Timothy Gross, one count of possession of a controlled substance with intent to sell and one count of dog fighting; Gino Wells, one count of dog fighting; Terry Taylor, three counts of first degree statutory sodomy; Anthony Taylor, three counts of selling a controlled substance; Virginia McKenzie, one count of selling a controlled substance;

Robert Collins, three counts of first degree statutory rape; Eugene Williams, one count of selling a controlled substance near a school; Johnnie Phifer, one count of selling a controlled substance near a school; Jeffery Shultz, possession of chemicals, possession of ephedrine, possession of a controlled substance, possession of drug paraphernalia and possession of a controlled substance with intent to sell; Angela Rich, one count of forgery;

Jeffery Gunter, two counts of selling a controlled substance near a school; Lindy Crockett, ten counts of fraudulently obtaining a controlled substance; Angie Clayton, six counts of possessing a gambling device, one count of first degree promotion of gambling and one count of possessing gambling records; Tim Clayton, six counts of possessing a gambling device, one count of first degree promotion of gambling and one count of possessing gambling records; Mary Hurst, three counts of fraudulently obtaining a controlled substance and one count of forgery;

Lloyd Gilmore, one count of sale of a controlled substance; Tyson Chambers, one count of possessing an imitation controlled substance; James Day, two counts of first degree statutory sodomy and two counts of distributing pornography; Ted Roberts, two counts of distributing a controlled substance and one count of possessing a controlled substance.

"If I were to guess, one of the biggest eye-opening experiences the grand jurors had was how easy it was to purchase drugs near school zones or public housing," Boyd said. "Secondly, the jurors also learned how fast a sale of a controlled substance could be made on the streets where two individuals would exchange a couple of words and then perform a quick touching of the hands where dope and money were traded."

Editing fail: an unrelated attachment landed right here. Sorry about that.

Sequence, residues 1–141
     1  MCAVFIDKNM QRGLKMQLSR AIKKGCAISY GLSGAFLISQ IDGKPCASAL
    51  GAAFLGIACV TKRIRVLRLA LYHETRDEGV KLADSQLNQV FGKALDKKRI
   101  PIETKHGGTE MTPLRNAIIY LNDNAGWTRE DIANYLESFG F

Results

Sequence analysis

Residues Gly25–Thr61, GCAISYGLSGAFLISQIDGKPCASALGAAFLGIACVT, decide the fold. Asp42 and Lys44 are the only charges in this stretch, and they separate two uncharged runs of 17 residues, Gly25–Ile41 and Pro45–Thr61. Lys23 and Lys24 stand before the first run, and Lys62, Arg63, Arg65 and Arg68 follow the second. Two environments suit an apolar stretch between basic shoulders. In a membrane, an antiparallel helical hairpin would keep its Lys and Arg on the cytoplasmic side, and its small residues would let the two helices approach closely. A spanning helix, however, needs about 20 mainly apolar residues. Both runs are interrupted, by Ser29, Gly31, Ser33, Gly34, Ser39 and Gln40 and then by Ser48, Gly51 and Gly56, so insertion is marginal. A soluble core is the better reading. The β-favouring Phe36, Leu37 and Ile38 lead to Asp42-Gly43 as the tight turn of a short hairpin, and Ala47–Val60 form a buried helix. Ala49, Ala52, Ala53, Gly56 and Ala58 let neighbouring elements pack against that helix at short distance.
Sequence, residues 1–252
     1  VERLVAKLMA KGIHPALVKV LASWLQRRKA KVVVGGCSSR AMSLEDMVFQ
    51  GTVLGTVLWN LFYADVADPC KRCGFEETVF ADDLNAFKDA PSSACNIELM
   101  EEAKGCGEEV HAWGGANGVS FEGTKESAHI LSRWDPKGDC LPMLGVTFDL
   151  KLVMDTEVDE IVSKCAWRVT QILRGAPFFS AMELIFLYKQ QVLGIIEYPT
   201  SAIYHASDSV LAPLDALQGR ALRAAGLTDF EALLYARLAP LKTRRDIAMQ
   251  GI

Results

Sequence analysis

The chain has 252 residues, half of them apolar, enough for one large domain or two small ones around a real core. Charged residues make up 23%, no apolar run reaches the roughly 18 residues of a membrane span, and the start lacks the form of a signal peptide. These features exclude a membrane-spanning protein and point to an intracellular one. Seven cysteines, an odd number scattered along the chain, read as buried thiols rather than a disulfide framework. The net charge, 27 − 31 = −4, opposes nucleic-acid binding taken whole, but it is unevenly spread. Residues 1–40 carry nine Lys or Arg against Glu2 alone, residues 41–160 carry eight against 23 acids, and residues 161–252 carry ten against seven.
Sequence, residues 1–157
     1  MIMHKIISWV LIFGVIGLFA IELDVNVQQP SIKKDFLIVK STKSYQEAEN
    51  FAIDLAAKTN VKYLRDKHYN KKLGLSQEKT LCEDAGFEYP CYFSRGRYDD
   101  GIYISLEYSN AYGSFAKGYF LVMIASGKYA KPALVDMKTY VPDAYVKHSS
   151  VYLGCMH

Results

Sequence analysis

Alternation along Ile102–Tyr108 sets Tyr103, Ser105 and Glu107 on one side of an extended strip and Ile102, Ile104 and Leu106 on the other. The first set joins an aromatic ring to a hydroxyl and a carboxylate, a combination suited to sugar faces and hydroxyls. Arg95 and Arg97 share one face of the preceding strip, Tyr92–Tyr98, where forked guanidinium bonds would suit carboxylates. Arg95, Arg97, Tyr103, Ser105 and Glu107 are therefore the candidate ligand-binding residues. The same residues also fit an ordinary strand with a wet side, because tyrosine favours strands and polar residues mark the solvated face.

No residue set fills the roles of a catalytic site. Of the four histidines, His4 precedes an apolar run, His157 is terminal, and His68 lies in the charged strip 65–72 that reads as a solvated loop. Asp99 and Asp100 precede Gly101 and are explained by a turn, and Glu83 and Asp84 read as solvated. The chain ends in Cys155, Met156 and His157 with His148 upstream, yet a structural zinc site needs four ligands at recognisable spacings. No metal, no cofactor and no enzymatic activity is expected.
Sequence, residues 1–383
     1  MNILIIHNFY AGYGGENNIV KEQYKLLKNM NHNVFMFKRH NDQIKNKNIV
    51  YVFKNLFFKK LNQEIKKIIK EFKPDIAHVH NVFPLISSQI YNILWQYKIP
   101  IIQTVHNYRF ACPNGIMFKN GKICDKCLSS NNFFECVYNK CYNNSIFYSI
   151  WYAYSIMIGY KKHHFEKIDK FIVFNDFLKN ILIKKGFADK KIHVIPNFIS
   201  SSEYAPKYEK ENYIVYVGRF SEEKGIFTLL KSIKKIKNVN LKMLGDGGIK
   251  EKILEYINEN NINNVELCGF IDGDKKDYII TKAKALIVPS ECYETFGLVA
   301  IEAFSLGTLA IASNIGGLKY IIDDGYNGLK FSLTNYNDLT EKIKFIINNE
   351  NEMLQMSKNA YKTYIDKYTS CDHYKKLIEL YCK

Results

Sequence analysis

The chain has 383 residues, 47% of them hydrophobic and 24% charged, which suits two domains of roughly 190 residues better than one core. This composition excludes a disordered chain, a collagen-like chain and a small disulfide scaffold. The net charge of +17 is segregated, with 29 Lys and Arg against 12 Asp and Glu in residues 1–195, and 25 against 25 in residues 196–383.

Law enforcement agencies involved with this grand jury included the Sikeston Department of Public Safety, SEMO Drug Task Force, Scott County Sheriff's Department, Bureau of Narcotics and Dangerous Drugs, Missouri Highway Patrol, and Federal Drug Enforcement Agency.

Boyd estimated the cost for running this grand jury was around $3,000. He said there are plans to request the circuit court to organize another grand jury by March 2005 as area law enforcement agencies have indicated a similar number of cases will be available by then.

Along with handing down indictments, the grand jury also inspected county buildings. Neal Ross, the grand jury foreman, said almost all of the county buildings were in good to very good condition. The county courthouse is undergoing needed upgrades and repairs, however, the outside of the courthouse was found to need some repair.

Ross said the only county building which was not in good condition was the 9-1-1 center in Morley which needs repairs inside, especially the bathroom fixtures and suspended ceiling.